Why You Should Care if You’re a Likable Boss

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How much does it really matter if your employees like you? Is there a correlation between results and how well employees like their bosses?

“Most people assume it is possible to be an effective leader without being likable,” writes forbes.com. But the reality is that likability and leadership effectiveness are tied together. Forbes writer Jack Zenger mentions research that shows only 1 in 2,000 cases of a highly unlikable boss in the top quartile of overall effectiveness. (Hopefully “highly unlikable” is a rare boss.)  

So what’s included in being likable? And isn’t it sort of subjective?

According to thehrspecialist.com, employees aren’t looking to their bosses for friendship, emotional support or unbridled cheeriness. Instead, they want honesty, fairness, respect, appreciation and responsiveness.  

Consider your own career and the bosses you’ve had. The best and worst (that “highly unlikable” one in particular) may stand out. Now consider how it affected your work, your attitude, your loyalty and how long you stayed there. The volume and quality of an employee’s work might not immediately be affected by the boss-employee relationship. However, a poor relationship could make the employee unhappy enough to start looking for a new job … with the competitor.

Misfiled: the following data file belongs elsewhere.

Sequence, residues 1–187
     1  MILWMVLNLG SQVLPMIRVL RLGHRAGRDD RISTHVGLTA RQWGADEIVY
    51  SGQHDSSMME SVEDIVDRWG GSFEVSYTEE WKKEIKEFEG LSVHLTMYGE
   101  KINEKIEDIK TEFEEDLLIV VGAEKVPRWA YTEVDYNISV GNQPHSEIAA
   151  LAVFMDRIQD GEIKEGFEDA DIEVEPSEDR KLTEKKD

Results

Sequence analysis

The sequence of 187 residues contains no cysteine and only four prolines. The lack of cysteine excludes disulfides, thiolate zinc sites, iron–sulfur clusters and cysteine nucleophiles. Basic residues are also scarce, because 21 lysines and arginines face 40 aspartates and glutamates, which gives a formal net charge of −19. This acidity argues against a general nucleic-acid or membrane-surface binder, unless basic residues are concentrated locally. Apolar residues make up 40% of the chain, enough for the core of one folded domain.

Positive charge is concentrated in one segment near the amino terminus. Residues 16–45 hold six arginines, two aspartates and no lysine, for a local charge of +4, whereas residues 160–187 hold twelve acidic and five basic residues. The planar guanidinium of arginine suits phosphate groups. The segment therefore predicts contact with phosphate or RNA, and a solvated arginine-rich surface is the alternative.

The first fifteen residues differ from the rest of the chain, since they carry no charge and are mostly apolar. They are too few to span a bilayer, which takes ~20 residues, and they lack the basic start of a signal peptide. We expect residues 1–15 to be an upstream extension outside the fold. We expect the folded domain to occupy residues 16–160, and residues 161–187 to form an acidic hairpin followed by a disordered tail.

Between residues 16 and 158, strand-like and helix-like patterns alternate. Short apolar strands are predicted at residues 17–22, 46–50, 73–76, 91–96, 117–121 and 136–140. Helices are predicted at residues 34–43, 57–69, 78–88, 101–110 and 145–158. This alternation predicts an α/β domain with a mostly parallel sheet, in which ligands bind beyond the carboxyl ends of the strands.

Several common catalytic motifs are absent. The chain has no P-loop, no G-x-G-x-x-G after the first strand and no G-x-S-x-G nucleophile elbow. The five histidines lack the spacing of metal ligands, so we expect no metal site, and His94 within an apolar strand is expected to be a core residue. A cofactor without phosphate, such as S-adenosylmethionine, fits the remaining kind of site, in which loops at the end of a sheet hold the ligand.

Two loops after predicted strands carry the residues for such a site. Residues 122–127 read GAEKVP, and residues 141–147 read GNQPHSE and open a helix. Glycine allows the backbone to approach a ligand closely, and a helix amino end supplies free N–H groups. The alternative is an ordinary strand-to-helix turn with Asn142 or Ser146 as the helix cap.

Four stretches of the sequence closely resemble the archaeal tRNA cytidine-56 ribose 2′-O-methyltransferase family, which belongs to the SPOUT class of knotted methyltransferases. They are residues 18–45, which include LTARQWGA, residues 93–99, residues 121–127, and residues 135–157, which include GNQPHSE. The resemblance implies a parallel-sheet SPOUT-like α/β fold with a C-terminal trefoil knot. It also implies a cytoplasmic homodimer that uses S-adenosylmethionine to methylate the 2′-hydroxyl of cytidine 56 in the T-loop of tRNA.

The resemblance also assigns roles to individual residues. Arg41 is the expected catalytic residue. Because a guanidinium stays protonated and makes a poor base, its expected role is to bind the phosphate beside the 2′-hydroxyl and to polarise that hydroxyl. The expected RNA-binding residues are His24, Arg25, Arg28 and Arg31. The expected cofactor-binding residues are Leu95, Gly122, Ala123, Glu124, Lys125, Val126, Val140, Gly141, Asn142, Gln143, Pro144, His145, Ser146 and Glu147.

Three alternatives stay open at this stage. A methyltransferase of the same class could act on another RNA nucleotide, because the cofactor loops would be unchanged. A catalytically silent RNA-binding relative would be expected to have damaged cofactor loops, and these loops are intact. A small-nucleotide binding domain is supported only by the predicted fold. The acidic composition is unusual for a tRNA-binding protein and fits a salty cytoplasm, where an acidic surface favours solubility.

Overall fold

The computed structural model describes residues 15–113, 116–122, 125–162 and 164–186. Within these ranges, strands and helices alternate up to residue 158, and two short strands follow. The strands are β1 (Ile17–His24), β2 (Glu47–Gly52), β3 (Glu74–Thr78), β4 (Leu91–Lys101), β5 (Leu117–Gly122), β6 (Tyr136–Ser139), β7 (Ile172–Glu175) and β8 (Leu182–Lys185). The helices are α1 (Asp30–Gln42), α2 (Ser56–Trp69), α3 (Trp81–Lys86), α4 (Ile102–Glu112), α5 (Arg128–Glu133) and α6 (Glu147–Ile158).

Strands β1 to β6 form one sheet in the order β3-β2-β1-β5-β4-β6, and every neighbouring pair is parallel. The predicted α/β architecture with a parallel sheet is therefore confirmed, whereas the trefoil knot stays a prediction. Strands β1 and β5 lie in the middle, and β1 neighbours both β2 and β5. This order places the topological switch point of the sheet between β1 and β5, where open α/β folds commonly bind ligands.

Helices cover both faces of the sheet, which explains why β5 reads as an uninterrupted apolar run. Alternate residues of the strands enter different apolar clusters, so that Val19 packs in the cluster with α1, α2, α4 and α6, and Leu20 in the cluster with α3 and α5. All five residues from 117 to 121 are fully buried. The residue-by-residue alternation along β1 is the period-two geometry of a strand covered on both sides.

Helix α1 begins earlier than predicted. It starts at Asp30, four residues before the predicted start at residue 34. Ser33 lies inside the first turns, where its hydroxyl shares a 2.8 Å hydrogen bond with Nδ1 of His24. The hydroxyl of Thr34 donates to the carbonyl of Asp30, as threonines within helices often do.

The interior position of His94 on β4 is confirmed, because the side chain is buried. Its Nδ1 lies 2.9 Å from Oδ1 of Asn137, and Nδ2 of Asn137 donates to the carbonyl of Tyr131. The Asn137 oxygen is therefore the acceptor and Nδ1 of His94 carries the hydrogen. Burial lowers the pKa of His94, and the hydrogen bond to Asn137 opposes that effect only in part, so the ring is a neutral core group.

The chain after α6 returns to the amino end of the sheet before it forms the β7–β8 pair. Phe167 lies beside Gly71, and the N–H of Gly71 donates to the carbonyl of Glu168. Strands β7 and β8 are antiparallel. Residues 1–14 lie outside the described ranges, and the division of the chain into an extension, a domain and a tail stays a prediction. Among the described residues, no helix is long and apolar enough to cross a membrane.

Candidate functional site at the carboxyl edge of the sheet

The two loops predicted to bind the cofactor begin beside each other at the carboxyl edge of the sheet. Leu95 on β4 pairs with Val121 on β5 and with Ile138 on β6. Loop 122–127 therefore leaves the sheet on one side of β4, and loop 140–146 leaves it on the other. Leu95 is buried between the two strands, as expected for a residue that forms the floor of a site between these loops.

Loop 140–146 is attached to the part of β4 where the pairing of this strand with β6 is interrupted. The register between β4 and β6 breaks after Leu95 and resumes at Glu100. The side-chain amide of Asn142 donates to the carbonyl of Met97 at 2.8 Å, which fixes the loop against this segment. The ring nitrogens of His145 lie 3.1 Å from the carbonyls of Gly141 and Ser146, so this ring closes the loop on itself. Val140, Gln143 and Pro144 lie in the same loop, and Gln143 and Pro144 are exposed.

Two key components of likability identified in a psychologytoday.com article are sense of humor and listening well.

Humor comes with both mental and physical benefits. “Laughing triggers the release of endorphins—hormones and enzymes that serve as natural painkillers for your body.” Laughing makes us feel good, in turn making us more productive. And because emotions are contagious … soon you’ll have a workplace full of positivity drawing others toward you.

Need to brush up on your sense of humor? Check out these fantastic Psychology Today suggestions to get you started:

  • People watch for 5 minutes a day … focusing on our human tendency to take ourselves too seriously. Really stop to see the humor in the things people do.
  • Take a 5-minute humor break each day … thinking of things that make you laugh. (There are plenty of ridiculous memes or goofy animal videos on Pinterest® to get you started.)
  • Start team meetings with a joke. This type of light start helps set a positive tone for the group.

Listen well. Most of us think we already do this …. But, just because we have ears doesn’t make us good listeners. Start thinking of listening as collecting information (rather than giving advice).

Related articles on listening well:             

Say the Right Thing … When Listening to Someone

Take This Quiz to See if You’re Really a Good Listener

We’re hearing … but are we listening?

Your likability is important when you’re the boss. And being likable includes a lot of simple, common-sense qualities that demonstrate respect and honesty toward others. But working on your sense of humor and listening can enhance your ability to connect with employees. Be successful. Never stop studying ways to make yourself more likable.


Agree? Disagree? Add your insightful comments here.